Remember that time when everyone (and The Daily Mail) was so mad about Meghan Markle and Prince Harry trying to trademark "Sussex Royal," and in doing so, cruelly placing Queen Elizabeth "in an invidious position, given her long-held conviction of refusing to allow working members of the family to profit from their positions"?
Well, People reports that the British monarch has since started selling Sandringham-branded beer, brewed from plants grown on her Norfolk estate, as well as a Royal Collection Trust gin, which retails for $41 a bottle and will "help preserve the Queen's extensive art collection."
Writes Celebitchy, "HOW GAUCHE! How tacky! I assume all of the royal reporters are up in arms about how dreadful it is that the Queen is monetizing the Crown in such a disgusting and cheesy way."
That's according to a report from the Treasury Inspector General for Tax Administration, which said the Internal Revenue Service is having difficulty processing tax returns in part thanks to issues with broken printers and copiers, Politico reported on Friday.
During on-site walkthroughs of IRS offices, a "major concern that surfaced" was "the lack of working printers and copiers," with management estimating that as of the end of March, 42 percent of printers for workers involved with processing returns weren't usable, the report said.
IRS employees said "the only reason they could not use many of these devices is because they are out of ink or because the waste cartridge container is full," per the report. Evidently, the IRS' contract for the printers ended in September 2020, and while the agency subsequently entered into a new contract, employees said the "new contractor may not have been coming into the sites to replace the old printers due to COVID-19 concerns."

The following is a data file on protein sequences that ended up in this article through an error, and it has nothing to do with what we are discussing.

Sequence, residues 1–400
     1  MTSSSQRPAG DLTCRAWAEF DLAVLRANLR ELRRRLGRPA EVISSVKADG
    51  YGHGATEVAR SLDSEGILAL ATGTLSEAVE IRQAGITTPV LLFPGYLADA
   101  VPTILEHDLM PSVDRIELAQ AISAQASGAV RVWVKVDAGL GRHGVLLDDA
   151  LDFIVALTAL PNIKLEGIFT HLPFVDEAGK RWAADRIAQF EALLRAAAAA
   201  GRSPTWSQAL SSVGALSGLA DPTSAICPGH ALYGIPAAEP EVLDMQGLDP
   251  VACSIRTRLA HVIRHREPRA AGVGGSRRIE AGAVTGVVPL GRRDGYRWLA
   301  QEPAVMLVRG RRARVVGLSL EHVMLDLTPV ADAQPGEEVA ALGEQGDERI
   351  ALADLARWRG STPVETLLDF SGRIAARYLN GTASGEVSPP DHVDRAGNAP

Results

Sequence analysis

The IRS back in March delayed this year's tax filing about a month, which would give taxpayers more time to figure out what they owe in light of Congress' COVID-19 relief bill. But another issue, as the The Washington Post reported, was that the agency has been grappling with a "mounting backlog" of tax returns that need to be processed. According to the new inspector general report, "more than 8.3 million individual tax returns and transactions remained to be processed" as of the end of 2020 — and while the agency has also had other problems including staffing issues, a lack of functioning printers and copiers has contributed "to the inability to reduce backlogs." Brendan Morrow
If George Lucas is Seth Rogen's only hope of surviving the end of the world, he's in trouble.
Rogen during an appearance on Conan O'Brien's podcast described a bizarre conversation he had with George Lucas back in 2012, during which Rogen says the Star Wars creator started talking as if he legitimately believed the world was going to end that year.
"A question that still haunts me to this day — and again, I think I know the answer — is, was he joking?" Rogen said. "I really don't think ... it did not appear he was joking."
Rogen and his producing partner Evan Goldberg apparently jokingly went along with the end-of-the-world talk, asking Lucas if they could get a seat on his spaceship to escape the planet, only to have that request immediately shot down.
"He was like, 'No,'" Rogen said. "Which, again, it makes me think he wasn't joking, because if you were joking, you would just say yes to at least placate us by granting our wish to go on the spaceship. But no, he said no!"